Policy Brief: Quality of Care in the Context of Rights-Based Family Planning

The anticipated outcome of improved service quality is likely to be an improvement in the effectiveness and duration of contraceptive use and an improvement in women’s and men’s ability to achieve their own reproductive intentions.


Every individual has the right to have children, if and when they want (UN, 1968; UNFPA, 1995). Many individuals, however, cannot implement this right in part because of community, familial, and religious impediments and in part because of obstacles they face in accessing and using family planning (FP) services. Rights-based approaches to health, sexual and reproductive health (SRH), and FP drew attention to many of these impediments including the AAAQ (Available, Accessible, Acceptable, and Quality) framework (UNCESCR 2000, 2016; Hardee et al. 2014; WHO, 2014; FP2020). Thus, rights-based FP includes quality but the reverse is not true because Bruce’s (1990) quality of care framework (hereafter referred to as QoC framework) applied to the users of services and did not include the other AAA dimensions of services. Admittedly, services must be available before one can inquire about other dimensions of services, e.g., how acceptable, and of what quality.

The term quality has been used in many ways (see Box 1). The QoC framework largely focused on client-provider interactions. Since the General Comment 14 on right to health proposed good health as the main outcome, quality in this formulation largely focused on technical, clinical, or medical aspect of services. The VRBFP framework attempted to combine the two—a step in the right direction. However, subsequent articulation of quality in General Comment 22 on the right to SRH and FP2020 went back to a primary focus on the clinical aspect of services. The articulation of quality in these rights-based approaches to some extent is circular as quality is defined in terms of services of ‘good quality.’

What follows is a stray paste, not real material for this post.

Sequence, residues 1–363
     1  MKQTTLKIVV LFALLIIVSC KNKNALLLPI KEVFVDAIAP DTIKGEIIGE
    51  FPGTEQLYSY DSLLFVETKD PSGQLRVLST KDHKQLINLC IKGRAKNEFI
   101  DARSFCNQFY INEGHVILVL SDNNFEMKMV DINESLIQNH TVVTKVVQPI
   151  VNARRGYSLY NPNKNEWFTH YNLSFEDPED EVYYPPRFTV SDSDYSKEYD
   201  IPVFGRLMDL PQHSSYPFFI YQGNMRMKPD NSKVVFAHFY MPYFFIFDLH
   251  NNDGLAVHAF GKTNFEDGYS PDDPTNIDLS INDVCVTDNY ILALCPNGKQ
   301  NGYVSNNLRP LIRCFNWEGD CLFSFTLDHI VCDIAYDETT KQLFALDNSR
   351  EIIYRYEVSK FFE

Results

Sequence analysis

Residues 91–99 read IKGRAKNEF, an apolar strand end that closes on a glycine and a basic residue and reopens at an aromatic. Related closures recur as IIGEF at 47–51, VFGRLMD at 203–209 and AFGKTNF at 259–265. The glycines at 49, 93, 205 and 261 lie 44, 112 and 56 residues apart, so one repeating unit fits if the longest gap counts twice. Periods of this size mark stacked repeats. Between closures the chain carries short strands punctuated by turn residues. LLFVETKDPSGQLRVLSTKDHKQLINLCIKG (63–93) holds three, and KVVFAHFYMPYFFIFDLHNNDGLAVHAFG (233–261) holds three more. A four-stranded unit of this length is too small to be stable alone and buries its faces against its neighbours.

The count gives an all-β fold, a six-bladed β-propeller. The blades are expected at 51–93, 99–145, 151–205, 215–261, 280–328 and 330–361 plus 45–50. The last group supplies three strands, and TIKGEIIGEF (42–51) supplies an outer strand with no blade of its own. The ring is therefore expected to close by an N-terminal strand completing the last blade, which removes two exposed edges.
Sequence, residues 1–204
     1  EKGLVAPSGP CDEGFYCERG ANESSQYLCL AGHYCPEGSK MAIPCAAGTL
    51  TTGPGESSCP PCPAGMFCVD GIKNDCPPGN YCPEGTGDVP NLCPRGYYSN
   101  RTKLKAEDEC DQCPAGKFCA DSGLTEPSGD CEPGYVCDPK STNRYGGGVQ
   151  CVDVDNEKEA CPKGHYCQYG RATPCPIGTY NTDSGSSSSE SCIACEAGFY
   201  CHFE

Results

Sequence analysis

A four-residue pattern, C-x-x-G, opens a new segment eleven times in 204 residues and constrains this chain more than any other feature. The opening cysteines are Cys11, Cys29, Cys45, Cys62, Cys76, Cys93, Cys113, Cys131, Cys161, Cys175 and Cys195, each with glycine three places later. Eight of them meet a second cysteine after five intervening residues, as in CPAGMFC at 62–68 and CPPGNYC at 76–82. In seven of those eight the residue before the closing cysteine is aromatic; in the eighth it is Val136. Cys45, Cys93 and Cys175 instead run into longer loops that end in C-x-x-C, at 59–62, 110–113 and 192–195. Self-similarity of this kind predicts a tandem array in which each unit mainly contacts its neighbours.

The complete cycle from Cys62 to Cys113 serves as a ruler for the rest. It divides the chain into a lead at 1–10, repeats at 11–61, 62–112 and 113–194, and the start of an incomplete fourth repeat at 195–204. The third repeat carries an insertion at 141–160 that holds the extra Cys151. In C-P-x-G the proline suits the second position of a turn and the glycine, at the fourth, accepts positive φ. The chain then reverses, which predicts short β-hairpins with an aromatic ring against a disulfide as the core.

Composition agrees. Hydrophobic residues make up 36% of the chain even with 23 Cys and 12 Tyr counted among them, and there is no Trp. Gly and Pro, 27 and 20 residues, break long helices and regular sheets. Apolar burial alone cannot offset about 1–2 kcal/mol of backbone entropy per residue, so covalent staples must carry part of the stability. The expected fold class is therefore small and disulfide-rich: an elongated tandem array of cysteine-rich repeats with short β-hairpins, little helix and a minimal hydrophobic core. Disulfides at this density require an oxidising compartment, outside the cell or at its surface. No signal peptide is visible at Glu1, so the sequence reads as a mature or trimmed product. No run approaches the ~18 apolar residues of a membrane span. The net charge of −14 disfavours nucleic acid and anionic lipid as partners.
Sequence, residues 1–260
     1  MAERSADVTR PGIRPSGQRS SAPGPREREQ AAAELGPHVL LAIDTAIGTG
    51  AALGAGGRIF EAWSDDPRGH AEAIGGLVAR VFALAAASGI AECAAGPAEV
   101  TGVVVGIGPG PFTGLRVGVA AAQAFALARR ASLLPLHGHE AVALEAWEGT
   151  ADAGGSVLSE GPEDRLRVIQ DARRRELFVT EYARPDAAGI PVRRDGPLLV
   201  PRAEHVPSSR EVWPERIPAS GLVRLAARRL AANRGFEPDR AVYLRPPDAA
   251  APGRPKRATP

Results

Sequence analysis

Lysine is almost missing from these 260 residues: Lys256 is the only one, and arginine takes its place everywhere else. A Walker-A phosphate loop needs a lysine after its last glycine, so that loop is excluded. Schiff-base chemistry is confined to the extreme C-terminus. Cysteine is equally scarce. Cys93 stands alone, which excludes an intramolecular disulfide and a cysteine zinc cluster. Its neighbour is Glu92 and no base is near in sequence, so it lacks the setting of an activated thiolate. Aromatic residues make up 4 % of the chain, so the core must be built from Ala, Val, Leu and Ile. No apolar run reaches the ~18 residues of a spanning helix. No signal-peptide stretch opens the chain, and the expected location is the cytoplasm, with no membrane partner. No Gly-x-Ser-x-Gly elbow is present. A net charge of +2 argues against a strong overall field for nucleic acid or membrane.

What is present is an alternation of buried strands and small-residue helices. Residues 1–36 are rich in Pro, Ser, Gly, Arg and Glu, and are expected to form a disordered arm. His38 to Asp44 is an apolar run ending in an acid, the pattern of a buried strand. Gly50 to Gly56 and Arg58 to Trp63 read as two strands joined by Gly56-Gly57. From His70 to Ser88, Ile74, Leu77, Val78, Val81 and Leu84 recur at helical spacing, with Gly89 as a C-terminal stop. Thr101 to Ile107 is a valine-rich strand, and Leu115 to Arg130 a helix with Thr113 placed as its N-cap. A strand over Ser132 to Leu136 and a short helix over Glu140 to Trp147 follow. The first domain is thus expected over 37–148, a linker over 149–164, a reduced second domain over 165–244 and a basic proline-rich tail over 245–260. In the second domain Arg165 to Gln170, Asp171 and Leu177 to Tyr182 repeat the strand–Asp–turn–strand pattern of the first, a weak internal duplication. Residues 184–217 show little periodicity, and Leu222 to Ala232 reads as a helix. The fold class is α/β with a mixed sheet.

As there is a conceptual overlap and some differences among these articulations of quality, there is a need to compare and, if possible, to reconcile the elements of quality to ensure that the conceptualization, measurement, and monitoring of quality are coherent and not encumbered by redundancy. Kumar (2015) concluded that “With some modification, the widely accepted Bruce quality framework, which has guided international FP for twenty-five years, could continue to serve us well going forward.” This policy brief suggests five modifications to the QoC framework, which are based on the comparison of quality across frameworks, past experiences, and issues faced in measuring quality.